Social Security Benefits

A Guide to Social Security Survivors Benefits

What are Survivors Benefits: A Brief History

Economic insecurity was a social issue our nation addressed over 80 years ago with the enactment of the Social Security Act in 1935. What most people don’t realize is that the Act also provides survivors benefits: spouses, children, and dependent parents of a deceased worker can receive survivors benefits. Yet, few people understand the program rules for eligibility and may be reluctant to ask.

How to Become Insured for Survivors Benefits

Eligibility for Social Security survivors benefits is a matter of insured status. With few exceptions, a worker can insure his or her family for Social Security survivors benefits once the worker has 40 quarters of covered earnings. Breaking this down more simply: that’s 10 years of employment where the worker earned at least $5,640 per year, or $1,410 per quarter (2020 required amounts—prior years may be lower), in wages or self-employment income. The actual benefit amount will vary depending on the worker’s individual earnings and the number of quarters of taxes paid on those earnings, and can be greater for a family with more than one survivor (e.g. surviving spouse with surviving minor children in the care of a surviving spouse).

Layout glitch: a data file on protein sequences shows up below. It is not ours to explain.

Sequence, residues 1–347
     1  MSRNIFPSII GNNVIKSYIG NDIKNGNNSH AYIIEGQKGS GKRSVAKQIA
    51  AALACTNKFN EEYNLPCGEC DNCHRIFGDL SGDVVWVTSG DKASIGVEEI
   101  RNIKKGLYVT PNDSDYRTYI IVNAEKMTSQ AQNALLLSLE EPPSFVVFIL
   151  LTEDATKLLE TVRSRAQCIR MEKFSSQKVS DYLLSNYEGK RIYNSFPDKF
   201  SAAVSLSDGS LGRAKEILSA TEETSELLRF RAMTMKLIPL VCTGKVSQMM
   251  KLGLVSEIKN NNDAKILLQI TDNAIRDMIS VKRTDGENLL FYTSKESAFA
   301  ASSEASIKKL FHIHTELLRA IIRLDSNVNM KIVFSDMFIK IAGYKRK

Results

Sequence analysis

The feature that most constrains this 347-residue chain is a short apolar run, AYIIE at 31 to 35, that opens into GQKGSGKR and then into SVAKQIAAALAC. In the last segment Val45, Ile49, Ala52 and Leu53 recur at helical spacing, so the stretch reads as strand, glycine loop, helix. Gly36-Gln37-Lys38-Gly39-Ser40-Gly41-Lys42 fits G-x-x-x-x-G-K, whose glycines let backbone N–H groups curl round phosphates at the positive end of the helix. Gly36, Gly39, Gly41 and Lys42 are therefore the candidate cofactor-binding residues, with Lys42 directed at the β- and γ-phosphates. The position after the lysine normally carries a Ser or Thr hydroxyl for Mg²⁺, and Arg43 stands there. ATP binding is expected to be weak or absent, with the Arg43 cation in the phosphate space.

However, if the worker had income or wages not subject to the FICA tax then the worker will not be insured. Some examples are (1) state employees or public school teachers who pay into a state-sponsored, exempt retirement system, or (2) self-employed workers who fail to report their earnings to the IRS.